Marine spouses get tough on Jayne Wayne Day at Rota
NAVAL STATION ROTA, Spain — Sandy Crellin understands her husband’s job in the Marine Corps is demanding and difficult sometimes.
But she didn’t truly appreciate what it’s like until she wore the uniform and became a Marine for a day.
She enjoyed shooting a gun on the range, but the bulky camouflage uniforms, she said, had to go.
“I thought these were comfortable,” she said. “But they’re not. Everything about them is not comfortable.”
Crellin put on the cammies as part of what the Corps calls Jayne Wayne Day, an opportunity for spouses to get an up-close look at what their Marine spouse does on a daily basis. Marine Corps Security Force Company Europe held its first on Friday.
About a dozen wives wore uniforms, fired shotguns, rode in the back of Humvees and ate Meals, Ready to Eat for lunch. For some, it was an eye-opening experience and an education in what it is like to be a Marine.
Other military services often have open houses or their own version of bring-your-family-to-work day. But few immerse their spouses in a daylong event that includes lessons on how to clear a building with force and a crash course in martial arts.
From 9 a.m. to 3 p.m., wives reversed roles with their Marine husbands. One of the highlights of the day was the firing range, where the women shot live ammunition. Each spouse fired a 9 mm pistol and a 12-gauge semi-automatic shotgun.
It was sort of a strange scene. It’s not often that a Marine gives a lesson on the firing range and then kisses his student after a nice round of shooting.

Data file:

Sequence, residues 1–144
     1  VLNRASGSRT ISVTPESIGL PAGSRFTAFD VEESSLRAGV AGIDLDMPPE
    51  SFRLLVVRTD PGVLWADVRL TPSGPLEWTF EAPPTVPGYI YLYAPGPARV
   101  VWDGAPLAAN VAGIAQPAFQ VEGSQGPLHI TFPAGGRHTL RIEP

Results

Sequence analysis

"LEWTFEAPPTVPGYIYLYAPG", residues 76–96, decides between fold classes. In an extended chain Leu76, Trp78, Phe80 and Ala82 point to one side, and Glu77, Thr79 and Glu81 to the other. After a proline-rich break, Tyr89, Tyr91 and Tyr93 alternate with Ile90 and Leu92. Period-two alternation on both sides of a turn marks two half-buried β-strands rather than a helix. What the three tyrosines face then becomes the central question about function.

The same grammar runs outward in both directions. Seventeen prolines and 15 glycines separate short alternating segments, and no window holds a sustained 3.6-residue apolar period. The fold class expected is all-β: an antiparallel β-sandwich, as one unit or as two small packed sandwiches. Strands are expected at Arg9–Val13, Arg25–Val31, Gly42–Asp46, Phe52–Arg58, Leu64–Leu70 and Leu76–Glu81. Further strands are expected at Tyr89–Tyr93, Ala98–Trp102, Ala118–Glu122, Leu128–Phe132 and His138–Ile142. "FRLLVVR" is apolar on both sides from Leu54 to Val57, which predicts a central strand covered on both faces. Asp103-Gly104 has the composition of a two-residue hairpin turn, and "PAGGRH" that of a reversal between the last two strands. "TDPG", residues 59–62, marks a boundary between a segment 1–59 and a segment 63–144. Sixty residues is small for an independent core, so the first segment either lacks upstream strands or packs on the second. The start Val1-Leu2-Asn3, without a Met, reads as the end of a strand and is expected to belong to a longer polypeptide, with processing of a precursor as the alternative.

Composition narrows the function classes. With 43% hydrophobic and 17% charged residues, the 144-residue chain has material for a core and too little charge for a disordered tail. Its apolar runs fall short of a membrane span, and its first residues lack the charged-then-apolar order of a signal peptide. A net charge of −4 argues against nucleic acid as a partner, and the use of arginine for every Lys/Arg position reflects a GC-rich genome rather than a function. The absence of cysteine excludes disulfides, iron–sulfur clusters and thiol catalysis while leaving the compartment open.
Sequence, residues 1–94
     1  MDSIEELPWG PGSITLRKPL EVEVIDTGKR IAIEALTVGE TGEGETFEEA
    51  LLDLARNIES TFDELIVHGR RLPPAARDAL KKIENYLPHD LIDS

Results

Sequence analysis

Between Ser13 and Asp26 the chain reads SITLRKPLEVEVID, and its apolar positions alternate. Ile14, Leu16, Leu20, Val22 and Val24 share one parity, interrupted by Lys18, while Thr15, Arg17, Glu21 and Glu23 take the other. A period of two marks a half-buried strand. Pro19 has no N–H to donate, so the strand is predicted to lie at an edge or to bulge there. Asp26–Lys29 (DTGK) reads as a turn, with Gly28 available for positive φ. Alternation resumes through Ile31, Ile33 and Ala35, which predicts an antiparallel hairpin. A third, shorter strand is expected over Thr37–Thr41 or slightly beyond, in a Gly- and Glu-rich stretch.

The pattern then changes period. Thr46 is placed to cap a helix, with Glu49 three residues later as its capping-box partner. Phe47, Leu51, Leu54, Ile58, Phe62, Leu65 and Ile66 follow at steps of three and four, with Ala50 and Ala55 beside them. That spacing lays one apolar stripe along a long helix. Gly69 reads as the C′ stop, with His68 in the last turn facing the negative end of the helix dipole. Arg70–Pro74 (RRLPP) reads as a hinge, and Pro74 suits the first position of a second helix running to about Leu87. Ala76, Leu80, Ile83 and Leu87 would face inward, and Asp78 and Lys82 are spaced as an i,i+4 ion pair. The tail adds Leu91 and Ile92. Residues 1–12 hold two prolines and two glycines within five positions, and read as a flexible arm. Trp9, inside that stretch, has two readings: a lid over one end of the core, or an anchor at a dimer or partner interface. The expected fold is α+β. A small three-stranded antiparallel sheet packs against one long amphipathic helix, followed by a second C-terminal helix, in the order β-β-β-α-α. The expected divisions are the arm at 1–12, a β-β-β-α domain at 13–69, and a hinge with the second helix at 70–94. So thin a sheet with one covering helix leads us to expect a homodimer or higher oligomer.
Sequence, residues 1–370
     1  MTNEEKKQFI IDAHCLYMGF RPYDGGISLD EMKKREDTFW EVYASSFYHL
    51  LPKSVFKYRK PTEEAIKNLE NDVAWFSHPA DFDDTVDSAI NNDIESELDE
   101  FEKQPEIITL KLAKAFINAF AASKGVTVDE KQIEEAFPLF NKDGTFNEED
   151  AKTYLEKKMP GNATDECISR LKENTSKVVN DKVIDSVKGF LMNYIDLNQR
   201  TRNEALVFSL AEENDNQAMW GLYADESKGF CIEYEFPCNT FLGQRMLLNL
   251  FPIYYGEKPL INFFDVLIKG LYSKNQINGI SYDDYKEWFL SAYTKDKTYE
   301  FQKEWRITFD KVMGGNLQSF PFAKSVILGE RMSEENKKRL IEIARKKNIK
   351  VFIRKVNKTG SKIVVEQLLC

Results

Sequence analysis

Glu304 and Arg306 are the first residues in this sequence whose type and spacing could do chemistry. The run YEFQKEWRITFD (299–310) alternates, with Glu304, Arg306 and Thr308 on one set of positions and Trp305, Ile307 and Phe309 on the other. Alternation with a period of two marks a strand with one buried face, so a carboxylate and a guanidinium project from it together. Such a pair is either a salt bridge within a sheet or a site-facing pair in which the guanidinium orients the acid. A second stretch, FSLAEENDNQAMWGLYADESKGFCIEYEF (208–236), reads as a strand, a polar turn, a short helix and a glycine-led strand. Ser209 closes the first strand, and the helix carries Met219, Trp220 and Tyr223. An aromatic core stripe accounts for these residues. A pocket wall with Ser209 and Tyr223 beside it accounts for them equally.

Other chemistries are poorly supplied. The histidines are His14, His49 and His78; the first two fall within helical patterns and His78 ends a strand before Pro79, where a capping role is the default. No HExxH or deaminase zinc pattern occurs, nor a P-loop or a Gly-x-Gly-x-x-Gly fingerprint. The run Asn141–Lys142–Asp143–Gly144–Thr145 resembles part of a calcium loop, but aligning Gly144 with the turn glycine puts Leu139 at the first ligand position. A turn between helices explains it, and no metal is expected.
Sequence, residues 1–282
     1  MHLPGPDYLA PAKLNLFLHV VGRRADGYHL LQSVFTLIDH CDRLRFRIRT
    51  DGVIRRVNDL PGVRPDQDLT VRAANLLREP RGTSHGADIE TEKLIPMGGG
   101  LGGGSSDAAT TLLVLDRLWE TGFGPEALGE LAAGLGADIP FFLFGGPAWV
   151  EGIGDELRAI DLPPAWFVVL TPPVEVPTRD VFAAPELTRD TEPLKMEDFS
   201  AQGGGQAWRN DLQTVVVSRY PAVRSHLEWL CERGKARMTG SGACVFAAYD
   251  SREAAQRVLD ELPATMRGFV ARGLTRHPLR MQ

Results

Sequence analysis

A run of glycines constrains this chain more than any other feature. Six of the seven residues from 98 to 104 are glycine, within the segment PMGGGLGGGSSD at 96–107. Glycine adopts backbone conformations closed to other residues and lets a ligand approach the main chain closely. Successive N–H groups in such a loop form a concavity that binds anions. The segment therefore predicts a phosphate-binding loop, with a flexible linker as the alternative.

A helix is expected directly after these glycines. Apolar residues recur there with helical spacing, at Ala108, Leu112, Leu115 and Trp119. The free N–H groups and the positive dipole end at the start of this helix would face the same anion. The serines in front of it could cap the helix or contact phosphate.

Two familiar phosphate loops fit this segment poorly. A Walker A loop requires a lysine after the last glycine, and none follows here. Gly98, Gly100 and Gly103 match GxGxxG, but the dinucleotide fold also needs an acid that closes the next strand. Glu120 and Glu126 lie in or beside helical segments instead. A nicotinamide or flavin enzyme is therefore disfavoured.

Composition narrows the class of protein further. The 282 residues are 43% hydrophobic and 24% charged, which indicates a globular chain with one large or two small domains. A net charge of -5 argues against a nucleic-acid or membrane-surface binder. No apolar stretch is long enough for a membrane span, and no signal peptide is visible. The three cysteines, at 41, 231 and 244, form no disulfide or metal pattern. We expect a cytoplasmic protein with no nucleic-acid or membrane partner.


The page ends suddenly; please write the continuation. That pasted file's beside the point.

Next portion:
Capt. Geoff Hall, commander of the 1st Platoon, said his wife came up with the idea to bring Jayne Wayne Day to the Rota-based company. She mentioned it to the other wives at a meeting and the company ran with it.
“I think the wives want to do it just so they can understand what the Marines do training-wise,” he said. “I think it’s good also to get the wives out and they can interact among each other with their husbands.”
Plus, it’s not often that a wife can spend the day with her husband and get the opportunity to fire a few rounds on the range.
However, being a Marine for a day was an adjustment for some, and those new to military life got a quick indoctrination. When one spouse threw on a flak jacket, she cringed at the smell.
“That funk is just part of the character,” said Gunnery Sgt. Juan Lizalde, grinning.
A few looked puzzled at what to do when handed an MRE pouch.
“How do I open this?” Sandy Crellin said to her husband, Capt. T.R. Crellin, the company’s executive officer.
Others caught on quickly.
Aneis Hall emerged as a sharpshooter on the range. Her husband joked that she did better than he does.
“Actually, I’m impressed with their accuracy,” Hall said of all the wives.
Sgt. Mark Demski showed the spouses, including his own, how to fire some of the weapons.
“It really surprised me on how much he really knew,” Amanda Demski said. “I’m very proud of him.”
While the wives got to be a Marine for the day, the job switch stopped right there. It didn’t appear that many Marines volunteered to do their wife’s portion of the household chores that day.
The husbands might want to reconsider, or at least be extra nice to their spouse. Wives finished the day armed with a few martial arts pointers. Some were even a little cocky.
“I can take him down with the hand move,” Sandy Crellin said.